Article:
Home theatre/media room planning - sliding or double doors? - AVS Forum
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post #1 of 4 Old 07-23-2014, 10:07 AM - Thread Starter
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Question Home theatre/media room planning - sliding or double doors?

Hi all,

I'm at the planning stage for our home theatre/media room. It is 18"5 x 15"9 (5.6 x 4.8 m) with ~10 foot ceiling (3m). It has a three panel sliding stacker door on the right (opening out into an alfresco/undercover patio area), and the entry to the room is at the rear. Considering thick curtains (perhaps motorised) for the sliding stacker door.

I'm not sure whether to put a sliding door (pocket/cavity slider), or a double door? If its a double door its gonna open away from the media room.

I understand that a sliding door would have more issues with sound leakage, but would this affect the 'sound experience' inside the room? The room adjoins the kitchen/open plan living area, so well away from other rooms. Speaker placement could be an issue too, although either way, perhaps in ceiling rear speakers would be the way to go?? A slider door would make more sense otherwise (takes up less space).

Will have a ceiling projector, soffits/bulkheads and cove lighting on the perimeter, and at the front I'm think of going a 16:9, 110 inch diag screen (or maybe 1:2.35?).

Not sure about speakers at the front - in-wall or floor standing?

Also is there a benefit to use 2 subwoofers?

And atm planning for 5.1 sound but would 7.1 work in this kinda room?



Opinions/advice would be appreciated!
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post #2 of 4 Old 07-23-2014, 10:38 PM
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Not sure about the sliding vs regular doors issue, but if you want to make sure your curtains are as efficient as possible, check here: http://acousticsfreq.com/blog/?p=275
Some very good info and advices.

Regarding the 5.1 vs 7.1, I think the door limits what you can do, and 5.1 seems the best choice.
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post #3 of 4 Old 07-24-2014, 07:38 AM
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Well the sliding door in particular basically eliminates the ability to put any sort of treatments on the interior of that door/wall. As far as soundproofing, pretty much any sliding/pocket door is a very bad choice. But if it slides you have to leave it bare. The back wall is usually your thickest location as far as bass absorption in a typical setup. If you did a double door, you could put panels on the inside of the door. You still would run into problems with sound leakage, but it would be much better than a sliding/pocket door.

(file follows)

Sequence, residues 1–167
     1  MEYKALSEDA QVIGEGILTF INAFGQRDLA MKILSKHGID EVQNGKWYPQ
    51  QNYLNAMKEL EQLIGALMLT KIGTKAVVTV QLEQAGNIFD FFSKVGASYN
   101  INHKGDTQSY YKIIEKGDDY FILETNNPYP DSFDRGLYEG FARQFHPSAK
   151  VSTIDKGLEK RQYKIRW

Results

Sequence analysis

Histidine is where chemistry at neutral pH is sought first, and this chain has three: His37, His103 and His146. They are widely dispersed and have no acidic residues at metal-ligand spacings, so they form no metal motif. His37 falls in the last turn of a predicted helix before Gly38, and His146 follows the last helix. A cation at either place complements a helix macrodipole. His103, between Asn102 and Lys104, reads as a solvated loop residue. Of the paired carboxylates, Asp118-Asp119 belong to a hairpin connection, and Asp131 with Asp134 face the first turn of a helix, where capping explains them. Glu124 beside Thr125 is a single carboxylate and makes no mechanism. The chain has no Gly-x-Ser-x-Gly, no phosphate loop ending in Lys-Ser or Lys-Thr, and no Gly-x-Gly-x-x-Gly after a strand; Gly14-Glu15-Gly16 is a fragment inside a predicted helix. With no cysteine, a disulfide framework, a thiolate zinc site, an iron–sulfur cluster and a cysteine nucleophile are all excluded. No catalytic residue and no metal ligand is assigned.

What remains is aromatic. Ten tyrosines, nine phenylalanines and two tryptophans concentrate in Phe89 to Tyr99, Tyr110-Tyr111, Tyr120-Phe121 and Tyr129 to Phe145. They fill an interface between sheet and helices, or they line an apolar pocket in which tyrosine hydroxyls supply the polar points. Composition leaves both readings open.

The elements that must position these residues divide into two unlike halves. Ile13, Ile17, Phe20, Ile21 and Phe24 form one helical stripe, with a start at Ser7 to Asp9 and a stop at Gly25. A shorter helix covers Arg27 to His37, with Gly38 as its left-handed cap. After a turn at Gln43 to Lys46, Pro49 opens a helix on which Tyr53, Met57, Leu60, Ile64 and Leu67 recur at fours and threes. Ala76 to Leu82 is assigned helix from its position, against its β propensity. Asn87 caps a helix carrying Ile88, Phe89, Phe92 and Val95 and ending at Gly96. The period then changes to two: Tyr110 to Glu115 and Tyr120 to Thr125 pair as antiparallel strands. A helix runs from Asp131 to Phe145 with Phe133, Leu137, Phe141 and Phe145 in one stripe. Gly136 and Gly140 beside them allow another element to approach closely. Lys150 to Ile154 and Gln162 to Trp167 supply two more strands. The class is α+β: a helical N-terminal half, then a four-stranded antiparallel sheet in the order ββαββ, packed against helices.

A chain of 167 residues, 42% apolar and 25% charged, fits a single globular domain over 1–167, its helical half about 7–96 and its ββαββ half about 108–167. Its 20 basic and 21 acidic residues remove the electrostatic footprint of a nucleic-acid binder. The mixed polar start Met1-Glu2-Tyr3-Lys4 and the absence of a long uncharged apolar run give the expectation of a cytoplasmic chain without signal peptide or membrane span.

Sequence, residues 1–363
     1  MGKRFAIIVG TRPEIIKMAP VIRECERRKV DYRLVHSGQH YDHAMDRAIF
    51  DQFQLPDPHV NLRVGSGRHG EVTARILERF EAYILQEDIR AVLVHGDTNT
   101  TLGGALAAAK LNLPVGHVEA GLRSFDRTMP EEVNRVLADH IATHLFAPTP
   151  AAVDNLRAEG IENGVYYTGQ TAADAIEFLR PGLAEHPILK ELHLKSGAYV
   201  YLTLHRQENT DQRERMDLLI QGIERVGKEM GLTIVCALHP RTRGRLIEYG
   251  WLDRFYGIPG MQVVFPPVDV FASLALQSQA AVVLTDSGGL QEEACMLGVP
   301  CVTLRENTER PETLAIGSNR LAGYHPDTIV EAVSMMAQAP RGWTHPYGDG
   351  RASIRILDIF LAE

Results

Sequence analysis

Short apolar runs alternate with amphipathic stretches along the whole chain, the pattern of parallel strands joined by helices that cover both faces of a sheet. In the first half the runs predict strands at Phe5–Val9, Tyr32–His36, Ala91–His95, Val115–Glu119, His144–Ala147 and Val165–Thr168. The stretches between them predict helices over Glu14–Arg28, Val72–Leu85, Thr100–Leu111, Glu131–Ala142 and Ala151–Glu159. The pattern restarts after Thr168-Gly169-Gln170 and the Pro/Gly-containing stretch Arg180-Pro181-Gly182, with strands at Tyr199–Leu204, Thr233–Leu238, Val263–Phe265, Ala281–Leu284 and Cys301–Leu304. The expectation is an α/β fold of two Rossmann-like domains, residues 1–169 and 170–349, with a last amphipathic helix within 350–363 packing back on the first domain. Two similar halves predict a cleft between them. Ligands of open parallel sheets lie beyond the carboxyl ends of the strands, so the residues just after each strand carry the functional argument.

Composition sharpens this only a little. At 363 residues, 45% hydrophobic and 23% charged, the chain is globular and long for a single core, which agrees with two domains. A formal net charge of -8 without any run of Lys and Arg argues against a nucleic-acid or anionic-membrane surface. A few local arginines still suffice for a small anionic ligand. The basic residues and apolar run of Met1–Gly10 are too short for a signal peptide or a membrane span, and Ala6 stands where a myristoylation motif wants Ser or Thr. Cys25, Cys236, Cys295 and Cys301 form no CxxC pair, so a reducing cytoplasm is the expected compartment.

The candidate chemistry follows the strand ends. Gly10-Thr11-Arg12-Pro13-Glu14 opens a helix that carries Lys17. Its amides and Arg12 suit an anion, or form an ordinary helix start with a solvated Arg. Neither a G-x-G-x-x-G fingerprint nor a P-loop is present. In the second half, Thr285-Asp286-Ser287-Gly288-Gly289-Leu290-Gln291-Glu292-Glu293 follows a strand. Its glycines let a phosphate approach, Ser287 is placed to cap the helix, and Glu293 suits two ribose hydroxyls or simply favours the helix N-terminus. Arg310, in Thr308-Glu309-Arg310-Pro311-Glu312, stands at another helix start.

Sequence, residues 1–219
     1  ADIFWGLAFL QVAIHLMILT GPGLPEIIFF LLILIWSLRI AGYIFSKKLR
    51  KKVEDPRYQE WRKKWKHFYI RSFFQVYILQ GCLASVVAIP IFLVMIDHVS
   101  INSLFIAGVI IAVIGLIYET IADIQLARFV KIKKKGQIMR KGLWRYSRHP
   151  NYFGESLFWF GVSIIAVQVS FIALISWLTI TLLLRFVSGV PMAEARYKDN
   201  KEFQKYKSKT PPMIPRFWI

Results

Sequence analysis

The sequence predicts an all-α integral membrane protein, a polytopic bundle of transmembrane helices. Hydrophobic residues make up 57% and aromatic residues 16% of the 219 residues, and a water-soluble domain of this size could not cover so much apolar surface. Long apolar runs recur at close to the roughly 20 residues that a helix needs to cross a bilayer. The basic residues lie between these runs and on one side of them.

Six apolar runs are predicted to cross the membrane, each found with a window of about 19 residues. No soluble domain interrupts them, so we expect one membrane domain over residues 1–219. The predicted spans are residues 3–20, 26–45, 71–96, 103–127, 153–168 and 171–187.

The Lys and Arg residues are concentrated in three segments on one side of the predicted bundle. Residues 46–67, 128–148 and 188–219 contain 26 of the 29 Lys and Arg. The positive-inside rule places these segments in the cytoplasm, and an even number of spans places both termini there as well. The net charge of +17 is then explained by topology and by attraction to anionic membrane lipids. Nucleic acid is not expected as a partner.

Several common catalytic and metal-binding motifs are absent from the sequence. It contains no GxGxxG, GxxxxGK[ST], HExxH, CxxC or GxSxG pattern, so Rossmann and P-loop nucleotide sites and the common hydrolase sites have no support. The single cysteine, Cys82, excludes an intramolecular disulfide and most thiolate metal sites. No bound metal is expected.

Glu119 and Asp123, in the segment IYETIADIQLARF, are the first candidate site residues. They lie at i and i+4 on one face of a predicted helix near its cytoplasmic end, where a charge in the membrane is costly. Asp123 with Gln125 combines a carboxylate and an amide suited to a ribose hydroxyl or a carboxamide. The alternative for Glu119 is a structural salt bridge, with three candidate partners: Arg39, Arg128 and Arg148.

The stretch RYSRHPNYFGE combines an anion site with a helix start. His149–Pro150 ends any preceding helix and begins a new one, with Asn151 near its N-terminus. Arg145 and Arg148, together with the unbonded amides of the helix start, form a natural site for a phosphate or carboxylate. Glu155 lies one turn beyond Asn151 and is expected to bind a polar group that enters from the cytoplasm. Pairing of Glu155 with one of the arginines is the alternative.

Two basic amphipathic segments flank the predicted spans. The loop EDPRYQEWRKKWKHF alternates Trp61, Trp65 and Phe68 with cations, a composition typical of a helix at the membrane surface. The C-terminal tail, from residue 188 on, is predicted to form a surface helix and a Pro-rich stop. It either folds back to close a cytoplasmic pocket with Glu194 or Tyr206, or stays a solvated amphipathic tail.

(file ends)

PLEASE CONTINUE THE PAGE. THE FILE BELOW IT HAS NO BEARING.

A lot of people say they don't really care about soundproofing because there is no one else who would hear the noise, or that it would be contained in your home anyway, but soundproofing also has a major benefit on the interior, which is that it lowers the ambient noise floor. The quieter the room is, the easier the sound from the speakers is to hear, and the better the quality. Granted, some people have a very low ambient noise level in their home already. Mostly it is things like HVAC which are the biggest offenders.

My first theater used double doors, and they were solid core. There wasn't even a weather stripping seal on the bottom, but the soundproofing in the room was still good. The room had some panels, but the rear doors were untreated. At the time, I thought the room sounded great, but the bass was overly boomy. But the ambient noise levels of the house were very low so I never heard anything while inside the room. All of the walls were blown-in insulation with heavy drywall, and I was quite impressed with how quiet the room was. For the price, it turned out quite well.
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post #4 of 4 Old 07-24-2014, 07:53 AM
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Quote:
Originally Posted by damelon View Post
A lot of people say they don't really care about soundproofing because there is no one else who would hear the noise, or that it would be contained in your home anyway, but soundproofing also has a major benefit on the interior, which is that it lowers the ambient noise floor. The quieter the room is, the easier the sound from the speakers is to hear, and the better the quality. Granted, some people have a very low ambient noise level in their home already. Mostly it is things like HVAC which are the biggest offenders.
I never realized that I was actually getting HVAC noise until I was doing an Audyssey calibration and I kept getting a error message about too much noise in the room. Turns out the AC was running and the Audyssey mic was picking it up. I guess the flip side of the coin is that I hadn't really noticed it before. More of a compliment to how sensitive and precise Audyssey is.
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